9. Take Quarterly Respites
As important as it is to work your business, it is also important to take occasional respites. Quarterly weekend trips out of town with the family are a great way to recharge. Schedule them into your work plan. Also, budget the cost, so your business revenue does not suffer.
10. Know How To Celebrate
Millionaire Internet tycoons know to celebrate their accomplishments. When you arrive at a major milestone, celebrate. Again, budget your celebrations, so that they don’t impact your bottom line.
These are only 10 habits of millionaire Internet tycoons. There are others, but start off with these. Integrate them into your way of life. Emulate these habits daily, and it won’t be long before you’ll have the same mentality as millionaire Internet tycoons.…
I did not always have an entrepreneurial mind; as a matter of fact, when I graduated college, I was very lost. I was working at a software company and for a few more thousand dollars, took a job at a large public company (you would laugh if I told you the name). I was doing account management for their financial clients. Because it was a work from home position, the only thing I managed was the couch and DVR. After trying to ruffle a few feathers and really make a difference in the company, I was gradually ousted from “the group” and was eventually pushed out. I wasn’t fired, but I was put in a situation where it was either / or.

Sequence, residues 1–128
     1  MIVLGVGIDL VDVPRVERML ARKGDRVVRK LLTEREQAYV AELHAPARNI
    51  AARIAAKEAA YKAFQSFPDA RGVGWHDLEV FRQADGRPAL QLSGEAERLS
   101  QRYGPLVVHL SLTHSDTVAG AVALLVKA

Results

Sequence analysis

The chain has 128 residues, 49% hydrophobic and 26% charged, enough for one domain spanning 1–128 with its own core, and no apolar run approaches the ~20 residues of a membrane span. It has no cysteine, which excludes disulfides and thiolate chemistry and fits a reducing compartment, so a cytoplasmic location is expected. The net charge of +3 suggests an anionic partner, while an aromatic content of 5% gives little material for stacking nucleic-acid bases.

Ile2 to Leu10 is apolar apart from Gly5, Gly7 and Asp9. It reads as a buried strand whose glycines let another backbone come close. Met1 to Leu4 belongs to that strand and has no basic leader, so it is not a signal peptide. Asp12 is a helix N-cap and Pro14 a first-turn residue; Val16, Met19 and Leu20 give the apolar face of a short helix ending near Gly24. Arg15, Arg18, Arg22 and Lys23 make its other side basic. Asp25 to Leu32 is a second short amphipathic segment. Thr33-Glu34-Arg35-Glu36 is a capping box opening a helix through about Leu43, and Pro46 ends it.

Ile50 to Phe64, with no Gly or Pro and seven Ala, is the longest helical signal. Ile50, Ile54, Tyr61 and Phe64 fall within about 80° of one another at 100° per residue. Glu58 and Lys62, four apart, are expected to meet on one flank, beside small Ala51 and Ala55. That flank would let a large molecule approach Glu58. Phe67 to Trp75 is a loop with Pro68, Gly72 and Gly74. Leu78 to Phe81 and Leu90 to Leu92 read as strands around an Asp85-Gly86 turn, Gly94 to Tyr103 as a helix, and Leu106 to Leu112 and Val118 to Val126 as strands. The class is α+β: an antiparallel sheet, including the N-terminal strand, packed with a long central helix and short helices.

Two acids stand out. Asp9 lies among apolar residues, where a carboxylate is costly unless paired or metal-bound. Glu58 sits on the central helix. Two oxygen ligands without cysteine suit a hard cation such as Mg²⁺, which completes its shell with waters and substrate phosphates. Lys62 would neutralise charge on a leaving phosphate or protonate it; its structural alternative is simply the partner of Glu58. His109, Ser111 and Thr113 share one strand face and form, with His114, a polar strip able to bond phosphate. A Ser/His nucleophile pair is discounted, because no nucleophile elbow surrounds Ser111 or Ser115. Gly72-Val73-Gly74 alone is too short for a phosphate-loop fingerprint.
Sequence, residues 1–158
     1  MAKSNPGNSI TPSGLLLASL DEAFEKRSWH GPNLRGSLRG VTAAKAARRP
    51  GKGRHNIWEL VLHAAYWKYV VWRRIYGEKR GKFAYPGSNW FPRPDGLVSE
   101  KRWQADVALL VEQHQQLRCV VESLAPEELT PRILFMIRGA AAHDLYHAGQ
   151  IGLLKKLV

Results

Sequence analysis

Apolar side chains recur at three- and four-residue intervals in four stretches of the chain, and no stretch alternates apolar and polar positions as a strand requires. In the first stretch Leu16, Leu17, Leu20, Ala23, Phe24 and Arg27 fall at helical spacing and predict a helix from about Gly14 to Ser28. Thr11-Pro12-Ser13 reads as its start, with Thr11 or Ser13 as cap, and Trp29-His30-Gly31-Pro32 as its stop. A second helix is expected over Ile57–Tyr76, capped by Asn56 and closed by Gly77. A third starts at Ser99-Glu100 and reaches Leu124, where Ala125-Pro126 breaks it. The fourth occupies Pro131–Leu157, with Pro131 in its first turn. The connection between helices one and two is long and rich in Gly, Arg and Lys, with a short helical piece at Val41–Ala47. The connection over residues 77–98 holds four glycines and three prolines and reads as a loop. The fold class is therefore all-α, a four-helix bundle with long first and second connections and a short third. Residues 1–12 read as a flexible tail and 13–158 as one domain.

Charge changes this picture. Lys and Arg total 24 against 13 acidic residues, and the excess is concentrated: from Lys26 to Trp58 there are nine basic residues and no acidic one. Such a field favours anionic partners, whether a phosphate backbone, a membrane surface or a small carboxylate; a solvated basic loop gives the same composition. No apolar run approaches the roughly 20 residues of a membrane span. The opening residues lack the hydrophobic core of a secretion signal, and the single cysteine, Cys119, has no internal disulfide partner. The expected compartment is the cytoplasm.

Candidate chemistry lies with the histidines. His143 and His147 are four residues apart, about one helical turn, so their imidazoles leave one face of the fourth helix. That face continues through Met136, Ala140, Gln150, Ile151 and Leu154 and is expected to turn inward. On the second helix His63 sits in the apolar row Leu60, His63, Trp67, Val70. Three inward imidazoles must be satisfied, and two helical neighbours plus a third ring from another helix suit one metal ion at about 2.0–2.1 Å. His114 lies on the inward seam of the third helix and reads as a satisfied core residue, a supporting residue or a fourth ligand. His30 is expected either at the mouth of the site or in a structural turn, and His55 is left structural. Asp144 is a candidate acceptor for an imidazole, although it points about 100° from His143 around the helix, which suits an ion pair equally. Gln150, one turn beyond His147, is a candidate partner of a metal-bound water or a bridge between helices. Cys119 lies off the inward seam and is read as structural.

Though, at this firm, I learned the true definition of the word “complacent.” This brings me to the first question which I will put forth to get your brain in gear. Please keep in mind that these questions are here to help you as they will give you some guidance as to whether owning your own business would be right for you.
1. In twenty years, one day your son or daughter will be asked about you. More likely than not, the first thing that will come up is your career. How do you think they will describe your career and your job? Does that answer resonate well with you?
If the answer is fine with you, there are two presumed scenarios. The first is that you were very successful and enjoy reading about entrepreneurs on the web. Thus, I am flattered you are reading my article. The second is that you, more likely than not, do not have an entrepreneurial frame of mind.
2. How much would you invest in yourself? If you had to put a net worth on your brain, would it be more or less than what someone else is paying for it? Also, is that someone even using your brain?